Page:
Once Rogers got the go-ahead from school administrators and cooperation from the counselors to make his vision a reality, he faced another hurdle: finding appropriate music.
When Liberty Middle School first opened about a decade ago, it served 7th through 9th grade students before later shifting to a 6th-8th grade school. As a result, much of the music repertoire in the school’s library was for vocal ranges inaccessible to younger students. “The majority was soprano, alto, tenor and bass (SATB) music, and that is … not suitable for middle school level in general,” Rogers says. “My first year, I spent my entire budget on music because the difficulty level was not accessible.”
Switching to voice-based choirs instead of grade-based choirs also helped solve the repertoire problem by allowing Rogers to choose music that focused on each ensemble’s vocal capabilities.
When switching to voice-based choirs, Rogers originally planned to continue with the SATB music, letting the treble choir learn soprano and alto parts and the bass choir learn tenor and bass. However, scheduling conflicts made it difficult for the choirs to rehearse together, so Rogers realized that they would need to choose individual music for each ensemble.
By tailoring the music choices to each ensemble’s vocal capabilities, students were able to focus more on their individual parts. “The sopranos and altos were learning music that was balanced and intended for just sopranos and altos. Working on balance is a really big part of being in an ensemble,” he says. “I started purchasing a lot of bass choir and a lot of treble choir music. That helped their musicianship accelerate immensely.”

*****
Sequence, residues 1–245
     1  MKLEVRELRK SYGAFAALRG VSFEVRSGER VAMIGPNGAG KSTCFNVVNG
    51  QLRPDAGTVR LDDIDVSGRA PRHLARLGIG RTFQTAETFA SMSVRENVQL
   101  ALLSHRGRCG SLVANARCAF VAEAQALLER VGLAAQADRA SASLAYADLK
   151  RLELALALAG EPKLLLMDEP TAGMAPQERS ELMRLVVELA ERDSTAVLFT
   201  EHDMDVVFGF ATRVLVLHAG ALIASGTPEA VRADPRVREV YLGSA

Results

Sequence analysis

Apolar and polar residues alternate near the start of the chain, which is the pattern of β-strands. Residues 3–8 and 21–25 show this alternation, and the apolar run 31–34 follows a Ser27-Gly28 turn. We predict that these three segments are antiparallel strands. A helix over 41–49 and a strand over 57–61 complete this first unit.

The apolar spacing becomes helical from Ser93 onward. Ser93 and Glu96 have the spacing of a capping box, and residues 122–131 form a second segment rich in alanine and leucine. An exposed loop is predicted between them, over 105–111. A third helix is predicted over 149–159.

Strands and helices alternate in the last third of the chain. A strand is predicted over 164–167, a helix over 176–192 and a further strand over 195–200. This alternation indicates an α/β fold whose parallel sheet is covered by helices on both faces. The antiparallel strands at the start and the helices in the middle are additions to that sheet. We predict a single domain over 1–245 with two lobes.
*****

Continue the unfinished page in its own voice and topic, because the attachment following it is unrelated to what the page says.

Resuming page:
Liberty holds three choir concerts every year – winter, spring and a final concert toward the end of the school year. During each concert, all choir groups perform one song together as a group but perform the rest of their music separately. “Advanced and intermediate treble choirs are usually doing soprano and alto music,” Rogers says. “The bass choir learns tenor and bass music.”
Just as Rogers intended, the numbers of male students in choir have greatly increased with the advent of the bass choir group. After having 30 students in bass choir this past year, Rogers says that next year, it’ll be above 40, “which sounds terrifying — there will be a lot of testosterone in a smelly classroom!”